| Peter Klein |

The European School on New Institutional Economics is taking applications for its 2009 Summer Institute, 18-22 May in Corsica. Speakers include Kenneth Binmore, Peter Murrell, John Wallis, Peter Maskell, Scott Masten, John de Figueiredo, Jackson Nickerson, Florencio Lopez-de-Silanes, and Antonio Estache. PhD students and junior faculty are encouraged to apply. Deadline is 8 Mar 2009.

9 February 2009 at 9:58 am Leave a comment

Econ Courses at Open Yale

| Peter Klein |

Robert Shiller on financial markets and Ben Polak on game theory. Thanks to Joshua for the pointer and a link to Academic Earth, an aggregator for free online courses from several top US universities.

7 February 2009 at 4:01 pm 2 comments

Speaking of Executive Compensation. . . .

| Peter Klein |

Chris Manion has a dream:

Obama Cuts Salaries for Presidents of Universities that Receive Federal Money

$100,000 annual cap enrages literati, “Violates academic freedom,” one president declares, from his limousine’s satellite phone.

Obama Limits Baseball Salaries to $100,000 per Player per Year

Administration points to baseball’s antitrust exemption as authority; “This could force our players to gamble on the side and maybe throw the world series even” says players union president.

Obama Limits Salaries of Former Government Employees

$100,000 a year ceiling enrages lobbyists, retired generals, and Trent Lott.

Obama Caps Federal Retirement Pensions

“These benefits should be no higher than those of the private sector taxpayers who pay the taxes to support them,” President says. Government Employee Union president threatens a general strike, scratches his head for a moment, and then retracts statement “pending further discussions.”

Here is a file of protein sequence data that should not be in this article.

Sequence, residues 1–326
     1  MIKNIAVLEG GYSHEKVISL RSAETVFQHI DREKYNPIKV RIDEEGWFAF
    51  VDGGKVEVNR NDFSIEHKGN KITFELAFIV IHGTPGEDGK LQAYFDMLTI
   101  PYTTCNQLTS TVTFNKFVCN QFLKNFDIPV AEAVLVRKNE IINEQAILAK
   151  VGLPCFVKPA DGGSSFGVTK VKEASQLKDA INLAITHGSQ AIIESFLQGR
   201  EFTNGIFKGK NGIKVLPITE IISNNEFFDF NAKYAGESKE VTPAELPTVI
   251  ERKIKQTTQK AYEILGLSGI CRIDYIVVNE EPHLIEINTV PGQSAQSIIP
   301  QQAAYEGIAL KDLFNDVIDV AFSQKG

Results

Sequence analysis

And then I woke up.

In my dream the President announces a cap on compensation for TV and movie stars, recording artists, writers, Hollywood directors and producers, celebrity speakers, and investors. “In this time of economic hardship, for Tom Cruise to earn millions for Valkyrie, even though Lions for Lambs was a total flop, for President Clinton to pick up $500,000 for recycling the same boring speech, and for George Soros to rack up interest and dividends even though he completely missed calling the financial crisis, is the height of irresponsibility. It is shameful. And I will not tolerate it as President.”

6 February 2009 at 10:37 pm Leave a comment

Google: Too Big to Fail?

| Peter Klein |

It’s horrible to contemplate, but is Google a future candidate for subsidization and regulation under the essential facilities doctrine? Matt Asay wonders. It’s right to ask these questions, but I think people who worry about the catastrophic effects of a Google failure on the economy underestimate how quickly market participants adapt to changes in product offerings, even in the presence of network effects.

6 February 2009 at 10:24 am Leave a comment

Business 101

| Peter Klein |

In announcing his caps on executive compensation this morning the President noted his outrage that Wall Street executives have “paid themselves customary lavish bonuses.” Apparently he is unaware that executive pay in large companies is set by a compensation committee, and typically by a formula determined well before performance results are realized. I guess he thinks executives just decide how much to pay themselves, based on whatever they feel like. He’s also upset about “executives being rewarded for failure,” suggesting he doesn’t know the difference between absolute and relative performance evaluation. Don’t they teach Business Organizations at Harvard Law?